Information abstracted about intervention characteristics indicated that the psychological interventions were very heterogeneous. With the exception of three studies that evaluated weekly supportive-expressive group psychotherapy, there were numerous differences in the number and content of sessions and the mode of intervention delivery (i.e., telephone or in-person), even among just those studies evaluating cognitive– behavioral interventions. Consequently, the replicability of results for most of these interventions remains unknown. Activity-based interventions all involved exercise recommendations; however, 39% were conducted in supervised settings while 61% were home-based. Although details were not included in this review, there were also numerous differences across these studies in the type (e.g., aerobic or resistance), mode (e.g., walking or cycle ergometer) and intensity of exercise evaluated. Thus, replicability of results for specific exercise regimens is also an issue for many activity-based interventions. Other methodological information abstracted indicated that fatigue, vigor, or vitality were more likely to have been identified as a primary outcome in activity-based studies (53%) than in psychological studies (21%). This feature suggests that the activity-based interventions were better designed to evaluate fatigue, assuming other aspects of study design (e.g., statistical power and Type I error) were consistent with the identification of fatigue as a primary outcome.
A notable methodological feature that characterized all the studies reviewed was the absence of eligibility criteria related to current level of fatigue. As a result, the possibility exists that many participants were experiencing little or no fatigue at the time of recruitment, thus limiting the ability of the study designs to detect intervention effects. In addition to improving the power to detect effects, limiting eligibility to patients experiencing heightened fatigue would provide a test of intervention strategies more consistent with how they are being used or would be used in clinical practice.
The system used to evaluate methodological quality indicated that few psychological or activity-based intervention studies met the criterion for either “good” or “poor” with most studies earning a “fair” rating. Among the more common methodological limitations were nonrandom or nonconsecutive recruitment of participants, absence of intent-to-treat analyses, and administration of outcome measures by personnel not blinded to intervention assignment. Activity-based studies were more likely to report acceptable intervention adherence and provide detailed loss to follow-up information, while psychological studies were more likely to report monitoring interventionists’ protocol adherence. With increasing numbers of journals adopting reporting standards such as the Consolidated Standards of Reporting Trials (CONSORT) (Moher, Schulz, & Altman, 2001), it seems likely that methodological quality and its documentation will improve over time.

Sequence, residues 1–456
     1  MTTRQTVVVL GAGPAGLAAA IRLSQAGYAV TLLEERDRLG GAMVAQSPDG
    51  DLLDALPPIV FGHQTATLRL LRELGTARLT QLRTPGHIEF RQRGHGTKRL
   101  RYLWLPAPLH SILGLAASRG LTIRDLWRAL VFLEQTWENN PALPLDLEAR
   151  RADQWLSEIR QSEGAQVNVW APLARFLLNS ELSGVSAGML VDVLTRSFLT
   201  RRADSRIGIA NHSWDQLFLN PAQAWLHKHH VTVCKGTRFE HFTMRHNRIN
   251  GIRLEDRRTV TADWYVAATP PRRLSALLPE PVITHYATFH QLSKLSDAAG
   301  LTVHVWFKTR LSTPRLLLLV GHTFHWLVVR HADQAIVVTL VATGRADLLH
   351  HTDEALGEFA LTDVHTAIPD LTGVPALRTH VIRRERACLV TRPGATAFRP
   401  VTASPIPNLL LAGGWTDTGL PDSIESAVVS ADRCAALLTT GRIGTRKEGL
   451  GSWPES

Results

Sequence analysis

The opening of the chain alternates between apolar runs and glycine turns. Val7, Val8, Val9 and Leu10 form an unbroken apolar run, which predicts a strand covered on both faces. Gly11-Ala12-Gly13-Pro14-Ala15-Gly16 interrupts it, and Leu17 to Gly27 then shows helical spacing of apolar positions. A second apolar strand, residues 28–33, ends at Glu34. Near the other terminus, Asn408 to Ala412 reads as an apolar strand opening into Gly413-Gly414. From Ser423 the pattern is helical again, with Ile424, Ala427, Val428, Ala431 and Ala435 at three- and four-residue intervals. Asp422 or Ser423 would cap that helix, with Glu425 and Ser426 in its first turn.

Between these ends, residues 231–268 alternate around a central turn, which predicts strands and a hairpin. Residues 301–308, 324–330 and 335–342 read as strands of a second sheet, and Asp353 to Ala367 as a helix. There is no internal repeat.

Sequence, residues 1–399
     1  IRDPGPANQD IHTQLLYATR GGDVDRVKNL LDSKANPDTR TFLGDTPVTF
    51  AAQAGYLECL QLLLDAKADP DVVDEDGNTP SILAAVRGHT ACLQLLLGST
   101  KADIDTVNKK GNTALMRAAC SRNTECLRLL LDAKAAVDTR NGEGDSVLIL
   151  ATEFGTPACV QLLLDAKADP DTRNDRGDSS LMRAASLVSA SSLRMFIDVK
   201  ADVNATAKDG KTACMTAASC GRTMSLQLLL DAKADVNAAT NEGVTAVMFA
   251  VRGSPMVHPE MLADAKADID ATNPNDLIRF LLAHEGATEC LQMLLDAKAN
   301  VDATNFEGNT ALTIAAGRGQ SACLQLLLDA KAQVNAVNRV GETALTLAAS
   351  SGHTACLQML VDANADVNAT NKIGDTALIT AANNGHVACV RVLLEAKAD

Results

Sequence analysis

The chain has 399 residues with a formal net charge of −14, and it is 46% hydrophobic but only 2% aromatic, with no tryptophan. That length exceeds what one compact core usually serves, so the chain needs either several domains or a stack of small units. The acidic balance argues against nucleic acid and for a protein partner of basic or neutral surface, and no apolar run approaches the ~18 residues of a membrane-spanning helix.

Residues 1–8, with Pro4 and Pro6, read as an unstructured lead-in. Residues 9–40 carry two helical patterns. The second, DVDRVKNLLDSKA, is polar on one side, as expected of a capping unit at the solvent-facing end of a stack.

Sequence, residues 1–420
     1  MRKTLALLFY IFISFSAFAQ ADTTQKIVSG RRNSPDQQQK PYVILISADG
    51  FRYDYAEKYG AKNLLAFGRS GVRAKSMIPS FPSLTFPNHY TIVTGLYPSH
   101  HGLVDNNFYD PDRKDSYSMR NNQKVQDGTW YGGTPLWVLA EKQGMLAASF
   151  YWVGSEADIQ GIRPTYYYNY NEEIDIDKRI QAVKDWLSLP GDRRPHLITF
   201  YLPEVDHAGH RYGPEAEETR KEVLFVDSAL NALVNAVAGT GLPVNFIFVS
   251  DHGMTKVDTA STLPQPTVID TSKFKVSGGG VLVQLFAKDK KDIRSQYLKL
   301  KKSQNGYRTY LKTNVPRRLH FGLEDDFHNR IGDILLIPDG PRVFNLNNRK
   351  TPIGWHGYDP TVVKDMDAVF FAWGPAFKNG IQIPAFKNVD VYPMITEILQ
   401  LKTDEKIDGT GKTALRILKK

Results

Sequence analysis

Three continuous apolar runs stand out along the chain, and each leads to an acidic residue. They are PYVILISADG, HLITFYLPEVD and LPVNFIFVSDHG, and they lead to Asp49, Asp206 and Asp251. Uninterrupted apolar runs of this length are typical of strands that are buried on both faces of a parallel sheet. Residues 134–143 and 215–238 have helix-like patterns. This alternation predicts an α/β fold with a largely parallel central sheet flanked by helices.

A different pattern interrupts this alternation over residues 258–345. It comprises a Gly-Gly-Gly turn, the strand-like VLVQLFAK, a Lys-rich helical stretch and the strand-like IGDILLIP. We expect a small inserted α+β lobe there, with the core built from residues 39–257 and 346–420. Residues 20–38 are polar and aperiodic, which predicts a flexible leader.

Meta-analysis showed a small but significant intervention effect that, upon further analysis, reflected a significant effect size for psychological but not activity-based interventions. Among the psychological studies, there was evidence that intervention was more likely to decrease fatigue than increase vigor. This pattern suggests a difference in efficacy based on whether patients were rating negative or positive perceptions of energy and is consistent with other evidence indicating that fatigue and vigor are distinct constructs (Christensen & Piper-Terry, 2004). The lack of sufficient numbers of activity-based intervention trials assessing vigor precluded a similar comparison among these studies.
Subsequent comparisons guided by the qualitative review indicated that psychological interventions yield significant effect sizes for group-based interventions and for studies in which the sample was not limited to breast cancer patients. Although marked heterogeneity in content among psychological interventions limits the conclusions that can be drawn, findings suggest that characteristics differentiating group-based interventions from individual interventions may facilitate management of fatigue. One possibility is the greater opportunity for downward social comparison that exists in a group format. Similar to the impact on emotional distress (VanderZee et al., 1996), individuals may benefit from group-based interventions, in part, by perceiving that their problems with fatigue are not as severe as those of others. Heterogeneity in content also obscures the relationship of disease type to intervention efficacy. This finding may primarily reflect gender differences in that samples limited and not limited to breast cancer patients also differ in their representation of male and female participants. The absence of any studies limited to male participants among the psychological studies reviewed precludes any comparison of efficacy based on gender.